“BUA is delighted to partner with IFC and other esteemed institutions in securing this $500 million facility to develop energy-efficient cement production capacity and strengthen our equipment and logistics capabilities in northern Nigeria. In line with our commitment to sustainability and ESG principles, this investment will create jobs and contribute to economic and infrastructural development within Nigeria and the greater Sahel region. We are particularly pleased to have successfully gone through the rigorous process with IFC, AfDB, AFC, and DEG, which validates our responsible business practices. By focusing on greener fuels and enhancing our equipment and logistics platform, BUA Cement is building a foundation for sustainable infrastructure growth and a more inclusive society,” said Abdul Samad Rabiu, Chairman and Founder of BUA Group.
“We are pleased to join with our partners to support BUA with an investment that will boost industrialization, create jobs and deliver economic growth in northern Nigeria, a region with significant economic potential,” said Makhtar Diop, IFC’s Managing Director.
The financing package announced by IFC and its partners will also allow BUA to replace some of its diesel trucks with vehicles that are run partly on natural gas, over time producing fewer emissions. As part of the project, IFC will also advise BUA on developing a gender-inclusive workplace strategy that creates more opportunities for women across its operations.
“Following an initial $200 million investment in BUA Group in 2021, we are proud to play another key role in this landmark manufacturing project set to transform the construction sector in northern Nigeria and the entire country. Investing in this project will sustainably build Nigeria’s local manufacturing capacity, empowering local communities and creating employment opportunities. AFC is committed to working with our partners to accelerate development impact through infrastructure solutions that support value addition, industrialization, and job creation throughout Africa,” said Samaila Zubairu, CEO & President of Africa Finance Corporation (AFC).
“The African Development Bank is pleased to be partnering with IFC and BUA on this expansion project as it is aligned with our priority strategies of industrializing Africa and improving the quality of lives of Africans through the increase in cement production which will lead to the development of additional affordable housing and critical infrastructure in Nigeria and neighboring West African countries while supporting the use of cleaner energy at BUA’s Sokoto facility,” said Solomon Quaynor, Vice President – Private Sector, Infrastructure and Industrialization of African Development Bank (AfDB).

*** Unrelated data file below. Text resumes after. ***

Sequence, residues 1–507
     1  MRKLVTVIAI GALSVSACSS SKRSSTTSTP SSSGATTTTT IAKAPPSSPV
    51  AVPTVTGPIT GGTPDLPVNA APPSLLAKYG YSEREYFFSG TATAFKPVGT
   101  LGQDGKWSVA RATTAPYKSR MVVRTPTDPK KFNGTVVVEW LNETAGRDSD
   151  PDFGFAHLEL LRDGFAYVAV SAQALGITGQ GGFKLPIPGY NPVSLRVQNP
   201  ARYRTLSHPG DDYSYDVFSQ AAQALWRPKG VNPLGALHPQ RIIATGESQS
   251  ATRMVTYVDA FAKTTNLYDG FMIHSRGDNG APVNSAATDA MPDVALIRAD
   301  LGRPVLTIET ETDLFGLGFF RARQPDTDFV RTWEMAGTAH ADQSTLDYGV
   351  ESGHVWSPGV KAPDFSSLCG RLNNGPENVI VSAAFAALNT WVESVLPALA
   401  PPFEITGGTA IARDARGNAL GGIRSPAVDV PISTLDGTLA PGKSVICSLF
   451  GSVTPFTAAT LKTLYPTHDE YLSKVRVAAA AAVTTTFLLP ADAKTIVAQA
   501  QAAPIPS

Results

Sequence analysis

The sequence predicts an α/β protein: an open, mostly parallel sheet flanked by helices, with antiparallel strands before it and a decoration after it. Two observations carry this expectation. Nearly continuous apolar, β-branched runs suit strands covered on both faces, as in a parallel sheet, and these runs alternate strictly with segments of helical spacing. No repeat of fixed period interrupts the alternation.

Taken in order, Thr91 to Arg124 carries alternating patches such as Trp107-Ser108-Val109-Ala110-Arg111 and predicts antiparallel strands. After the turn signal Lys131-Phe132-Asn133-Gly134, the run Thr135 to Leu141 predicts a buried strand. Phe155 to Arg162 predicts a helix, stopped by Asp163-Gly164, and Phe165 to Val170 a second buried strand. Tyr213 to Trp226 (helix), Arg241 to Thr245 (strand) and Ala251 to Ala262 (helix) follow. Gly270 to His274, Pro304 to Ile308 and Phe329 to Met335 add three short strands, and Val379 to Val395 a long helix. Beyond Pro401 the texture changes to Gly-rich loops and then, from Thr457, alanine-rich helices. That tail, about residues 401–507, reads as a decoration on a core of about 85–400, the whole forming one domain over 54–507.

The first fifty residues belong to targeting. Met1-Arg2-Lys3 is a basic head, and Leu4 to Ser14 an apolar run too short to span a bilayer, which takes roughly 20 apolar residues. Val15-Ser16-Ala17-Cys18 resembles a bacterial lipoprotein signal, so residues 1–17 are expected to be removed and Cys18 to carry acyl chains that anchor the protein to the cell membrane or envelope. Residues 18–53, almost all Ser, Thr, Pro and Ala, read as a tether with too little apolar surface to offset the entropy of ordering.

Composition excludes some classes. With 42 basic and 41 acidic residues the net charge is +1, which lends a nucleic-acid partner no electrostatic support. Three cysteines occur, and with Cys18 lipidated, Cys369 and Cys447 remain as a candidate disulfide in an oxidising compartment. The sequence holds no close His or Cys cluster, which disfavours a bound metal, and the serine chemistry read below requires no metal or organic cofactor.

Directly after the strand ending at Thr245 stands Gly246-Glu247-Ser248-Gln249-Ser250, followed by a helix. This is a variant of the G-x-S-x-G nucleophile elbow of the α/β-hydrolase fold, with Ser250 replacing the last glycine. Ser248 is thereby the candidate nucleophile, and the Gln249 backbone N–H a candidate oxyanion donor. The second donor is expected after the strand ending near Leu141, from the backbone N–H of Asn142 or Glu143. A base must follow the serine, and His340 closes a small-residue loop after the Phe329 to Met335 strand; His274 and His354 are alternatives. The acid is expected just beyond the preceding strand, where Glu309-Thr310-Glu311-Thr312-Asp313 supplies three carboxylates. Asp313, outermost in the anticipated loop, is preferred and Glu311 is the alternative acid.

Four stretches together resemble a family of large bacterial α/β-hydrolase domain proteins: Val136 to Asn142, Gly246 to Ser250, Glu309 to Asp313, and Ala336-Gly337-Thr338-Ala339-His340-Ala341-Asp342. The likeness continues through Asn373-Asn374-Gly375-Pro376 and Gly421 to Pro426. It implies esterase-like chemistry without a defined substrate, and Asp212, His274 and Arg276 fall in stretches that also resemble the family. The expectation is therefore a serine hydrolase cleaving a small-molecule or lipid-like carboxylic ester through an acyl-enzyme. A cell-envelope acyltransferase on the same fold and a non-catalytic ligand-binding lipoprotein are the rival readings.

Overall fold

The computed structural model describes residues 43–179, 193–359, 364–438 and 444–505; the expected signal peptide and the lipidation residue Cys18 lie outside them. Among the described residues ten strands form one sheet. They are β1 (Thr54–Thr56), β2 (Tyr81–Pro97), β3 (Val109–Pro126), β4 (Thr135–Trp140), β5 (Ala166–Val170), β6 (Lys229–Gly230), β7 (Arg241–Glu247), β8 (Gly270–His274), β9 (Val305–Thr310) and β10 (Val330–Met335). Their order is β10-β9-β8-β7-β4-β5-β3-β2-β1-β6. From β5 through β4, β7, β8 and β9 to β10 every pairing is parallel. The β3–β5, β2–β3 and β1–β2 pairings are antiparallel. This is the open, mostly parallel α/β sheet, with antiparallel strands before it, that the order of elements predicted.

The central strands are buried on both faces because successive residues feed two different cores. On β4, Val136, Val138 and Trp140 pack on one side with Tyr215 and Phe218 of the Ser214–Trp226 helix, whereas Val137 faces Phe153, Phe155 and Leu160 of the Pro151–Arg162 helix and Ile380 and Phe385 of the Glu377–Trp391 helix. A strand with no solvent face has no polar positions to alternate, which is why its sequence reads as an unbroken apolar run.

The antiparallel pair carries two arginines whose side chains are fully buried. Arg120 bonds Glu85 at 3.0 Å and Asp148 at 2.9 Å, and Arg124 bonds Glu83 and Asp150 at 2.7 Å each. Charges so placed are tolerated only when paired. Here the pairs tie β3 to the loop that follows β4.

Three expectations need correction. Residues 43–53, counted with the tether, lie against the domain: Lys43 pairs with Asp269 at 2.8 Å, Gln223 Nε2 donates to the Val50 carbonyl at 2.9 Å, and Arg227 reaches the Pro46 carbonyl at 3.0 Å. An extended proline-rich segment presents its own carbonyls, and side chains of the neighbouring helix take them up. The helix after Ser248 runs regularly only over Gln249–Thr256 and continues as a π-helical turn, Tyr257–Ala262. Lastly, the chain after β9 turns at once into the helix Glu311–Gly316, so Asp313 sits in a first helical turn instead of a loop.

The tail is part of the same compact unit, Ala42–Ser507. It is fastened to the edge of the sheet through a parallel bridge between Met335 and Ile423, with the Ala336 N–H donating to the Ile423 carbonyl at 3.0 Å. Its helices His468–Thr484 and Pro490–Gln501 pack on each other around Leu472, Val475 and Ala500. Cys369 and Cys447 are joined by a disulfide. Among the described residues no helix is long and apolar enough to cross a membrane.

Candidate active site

“DEG’s mission is to be a reliable partner to private sector enterprises as drivers of development and creators of qualified jobs. We are pleased to contribute to this transaction together with our development finance partner institutions. Together we support BUA in its transformation towards a more sustainable production by implementing innovative technology. The significant reduction of CO2 emissions and the creation of decent jobs in a region with many vulnerable households are key factors for DEG’s financing,” said Gunnar Stork, Senior Director at DEG.
The investment in BUA is part of IFC’s strategy to promote diversified, inclusive growth and job creation in Nigeria, where IFC supports the manufacturing agribusiness, healthcare, infrastructure, technology, and financial services sectors. IFC has an active investment portfolio of $2.3 billion in Nigeria.
Know More About IFC: a member of the World Bank Group — is the largest global development institution focused on the private sector in emerging markets. We work in over 100 countries, using our capital, expertise, and influence to create markets and opportunities in developing countries. In the fiscal year 2022, IFC committed a record $32.8 billion to private companies and financial institutions in developing countries, leveraging the power of the private sector to end extreme poverty and boost shared prosperity as economies grapple with the impacts of global compounding crises. For more information, visit www.ifc.org.
Know More About BUA Group: BUA Group is one of Africa’s leading manufacturing, mining, foods, and infrastructure conglomerates with diversified interests in a wide range of sectors, including but not limited to Cement, Sugar, Flour Milling, Real Estate, logistics, and Infrastructure. Established in 1988 by Abdul Samad Rabiu, BUA Group has consistently grown over the years, establishing itself as a leading player in the Nigerian and African private sectors. As an organization, BUA Group places a strong emphasis on operational excellence, leveraging innovative technologies, and nurturing a high-performing workforce to stay competitive. Beyond its business operations, the group is dedicated to contributing positively to the socio-economic development of its host communities, signifying its commitment to sustainable and responsible business practices. For more information, visit www.buagroup.com